Flows of Faith pp 161-181 | Cite as

Circulating Matters of Belief: Engendering Marian Movements during the Bougainville Crisis

  • Anna-Karina HermkensEmail author


This chapter focuses on the circulation and appropriation of transnational Marian objects and beliefs during the Bougainville conflict (1989-1999). I show how circulation drove the formation of new religious movements, and how ritual elements were appropriated into secessionist protests and practices of resistance, as well as in local peace efforts. By following these paths of circulation, the fluidity of religious beliefs across boundaries of nation state and community come to the fore, providing insight into how the appropriation of religious objects informs both nationalism and communitas.


Bougainville confict religious beliefs new religious movements Marian Movements nationalism and communitas 



The research on which this article is based was made possible by the research program “The Power of Marian Pilgrimage: A Comparative Study” at the Radboud University Nijmegen and the financial support from the Netherlands Organization for Scientific Research (NWO VENI grant 275-98-001).


  1. Anderson, B. (2006/1983). Imagined communities. Reflections on the origin and spread of natio­nalism. Revised Edition. London/New York: Verso.Google Scholar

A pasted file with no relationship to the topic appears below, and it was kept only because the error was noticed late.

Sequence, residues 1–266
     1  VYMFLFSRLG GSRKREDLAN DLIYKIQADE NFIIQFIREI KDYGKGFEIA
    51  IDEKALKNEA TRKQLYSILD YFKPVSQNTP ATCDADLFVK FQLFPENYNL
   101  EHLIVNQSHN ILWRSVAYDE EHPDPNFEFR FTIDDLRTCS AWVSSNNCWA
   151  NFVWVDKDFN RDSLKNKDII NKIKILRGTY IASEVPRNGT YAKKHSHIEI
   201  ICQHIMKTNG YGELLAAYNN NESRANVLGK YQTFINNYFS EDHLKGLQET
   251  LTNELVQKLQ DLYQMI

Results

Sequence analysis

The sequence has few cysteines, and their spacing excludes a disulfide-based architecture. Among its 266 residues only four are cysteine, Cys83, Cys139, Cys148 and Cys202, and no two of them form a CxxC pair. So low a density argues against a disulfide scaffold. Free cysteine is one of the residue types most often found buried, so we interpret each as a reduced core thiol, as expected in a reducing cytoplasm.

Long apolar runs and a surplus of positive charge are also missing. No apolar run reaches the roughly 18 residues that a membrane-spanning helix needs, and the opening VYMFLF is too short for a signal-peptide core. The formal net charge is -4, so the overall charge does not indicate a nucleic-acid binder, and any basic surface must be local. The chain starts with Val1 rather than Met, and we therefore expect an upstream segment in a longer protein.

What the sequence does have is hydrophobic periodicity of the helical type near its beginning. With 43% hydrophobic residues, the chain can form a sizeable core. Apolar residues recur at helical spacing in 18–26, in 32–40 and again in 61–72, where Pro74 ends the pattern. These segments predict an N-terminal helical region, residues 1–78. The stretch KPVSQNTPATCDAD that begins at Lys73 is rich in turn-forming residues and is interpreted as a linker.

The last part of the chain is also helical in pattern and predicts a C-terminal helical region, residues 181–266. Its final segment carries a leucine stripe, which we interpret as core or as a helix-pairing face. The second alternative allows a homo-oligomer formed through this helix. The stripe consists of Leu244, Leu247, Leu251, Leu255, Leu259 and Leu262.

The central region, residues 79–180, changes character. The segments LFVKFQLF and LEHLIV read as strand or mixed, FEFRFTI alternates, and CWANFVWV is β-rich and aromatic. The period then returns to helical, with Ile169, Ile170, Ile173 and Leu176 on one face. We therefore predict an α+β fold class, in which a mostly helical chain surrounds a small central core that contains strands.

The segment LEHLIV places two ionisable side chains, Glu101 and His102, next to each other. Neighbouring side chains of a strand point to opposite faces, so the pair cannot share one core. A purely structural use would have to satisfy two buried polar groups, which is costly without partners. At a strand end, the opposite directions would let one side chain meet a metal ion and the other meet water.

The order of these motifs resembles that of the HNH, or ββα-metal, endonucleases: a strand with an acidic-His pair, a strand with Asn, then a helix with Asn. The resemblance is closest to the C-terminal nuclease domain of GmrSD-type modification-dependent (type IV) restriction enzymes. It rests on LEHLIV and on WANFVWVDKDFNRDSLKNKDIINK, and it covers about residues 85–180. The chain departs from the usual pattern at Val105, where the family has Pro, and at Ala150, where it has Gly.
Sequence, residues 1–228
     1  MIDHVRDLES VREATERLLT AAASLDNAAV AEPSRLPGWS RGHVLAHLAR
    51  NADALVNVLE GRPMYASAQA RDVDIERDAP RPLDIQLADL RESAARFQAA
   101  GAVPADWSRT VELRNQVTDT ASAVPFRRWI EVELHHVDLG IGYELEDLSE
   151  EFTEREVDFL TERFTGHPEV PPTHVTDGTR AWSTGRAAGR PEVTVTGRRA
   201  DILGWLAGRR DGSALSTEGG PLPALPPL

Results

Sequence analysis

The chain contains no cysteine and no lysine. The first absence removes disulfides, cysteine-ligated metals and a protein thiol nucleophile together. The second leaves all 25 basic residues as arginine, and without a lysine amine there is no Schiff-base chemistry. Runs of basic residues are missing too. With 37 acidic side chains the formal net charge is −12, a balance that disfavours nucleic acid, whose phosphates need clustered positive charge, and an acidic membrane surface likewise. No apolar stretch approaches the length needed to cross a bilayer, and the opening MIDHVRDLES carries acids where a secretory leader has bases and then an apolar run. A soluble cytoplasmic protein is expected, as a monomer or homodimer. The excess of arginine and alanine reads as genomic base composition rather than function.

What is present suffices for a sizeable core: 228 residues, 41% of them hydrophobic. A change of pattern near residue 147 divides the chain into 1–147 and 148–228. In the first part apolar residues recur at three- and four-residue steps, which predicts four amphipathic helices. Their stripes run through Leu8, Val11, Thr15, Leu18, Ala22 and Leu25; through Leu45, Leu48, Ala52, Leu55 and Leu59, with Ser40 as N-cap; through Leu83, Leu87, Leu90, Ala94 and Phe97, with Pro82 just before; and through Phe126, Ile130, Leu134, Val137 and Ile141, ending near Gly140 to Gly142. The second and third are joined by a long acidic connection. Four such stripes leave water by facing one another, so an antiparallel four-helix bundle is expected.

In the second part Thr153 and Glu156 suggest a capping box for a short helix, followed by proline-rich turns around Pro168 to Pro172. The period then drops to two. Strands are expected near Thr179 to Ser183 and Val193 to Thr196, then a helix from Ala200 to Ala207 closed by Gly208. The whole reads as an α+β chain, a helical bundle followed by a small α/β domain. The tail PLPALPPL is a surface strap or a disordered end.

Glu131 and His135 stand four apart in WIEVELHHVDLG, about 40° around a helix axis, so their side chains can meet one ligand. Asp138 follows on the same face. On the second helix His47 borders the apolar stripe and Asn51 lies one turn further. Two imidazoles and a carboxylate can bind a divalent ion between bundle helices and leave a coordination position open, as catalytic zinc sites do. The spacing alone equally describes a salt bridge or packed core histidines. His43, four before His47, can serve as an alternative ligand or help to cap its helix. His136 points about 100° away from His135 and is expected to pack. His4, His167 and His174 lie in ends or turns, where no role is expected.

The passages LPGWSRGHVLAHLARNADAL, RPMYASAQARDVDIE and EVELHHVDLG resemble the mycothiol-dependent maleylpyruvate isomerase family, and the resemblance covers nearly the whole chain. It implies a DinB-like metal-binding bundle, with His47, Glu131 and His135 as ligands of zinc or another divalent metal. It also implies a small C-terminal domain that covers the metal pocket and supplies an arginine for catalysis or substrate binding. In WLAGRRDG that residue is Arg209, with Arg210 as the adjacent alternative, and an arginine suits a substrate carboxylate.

2. Appadurai, A. (1997). Modernity at large. Cultural dimensions of globalization. Minneapolis: University of Minnesota Press.Google Scholar
  3. Böge, V., & Sr. Garasu, L. (2004). Papua New Guinea: A success story of post-conflict peace building in Bougainville. In A. Heijmans, N. Simmons, & H. van de Veen (Eds.), Searching for peace in Asia Pacific: An overview of conflict prevention and peacebuilding activities (pp. 564–580). London: Lynne Rienner Publishers.Google Scholar
  4. de Busser, C., & Niedzwiedz, A. (2009). Mary in Poland: A Polish master symbol. In A. Hermkens, W. Jansen, & C. Notermans (Eds.), Moved by Mary: The power of pilgrimage in the modern world (pp. 87–100). Farnham/Burlington: Ashgate.Google Scholar
  5. Carl, A., & Sr. Garasu, L. (2002). Chronology. In A. Carl & Sr L. Garasu (Eds.), Weaving consensus: The Papua New Guinea-Bougainville peace process (Accord, Vol. 12, pp. 94–102). London: Viking Associates.Google Scholar
  6. Concilium Legionis Mariae. Nd. (2010). Accessed 29 July 2010.
  7. Cunneen, S. (1996). In search of Mary. The woman and the symbol. New York: Ballentine Books.Google Scholar
  8. Denoon, D. (2000). Getting under the skin: The Bougainville copper agreement and the creation of the Panguna mine. Melbourne: Melbourne University Press.Google Scholar
  9. Dubisch, J. (2009). Epilogue: The many faces of Mary. In A. Hermkens, W. Jansen, & C. Notermans (Eds.), Moved by Mary: The power of pilgrimage in the modern world (pp. 227–238). Farnham/Burlington: Ashgate.Google Scholar
  10. Eliade, M. (1957). The sacred and the profane: The nature of religion (Trans: Willard R. Trask.). New York: Harcourt, Brace.Google Scholar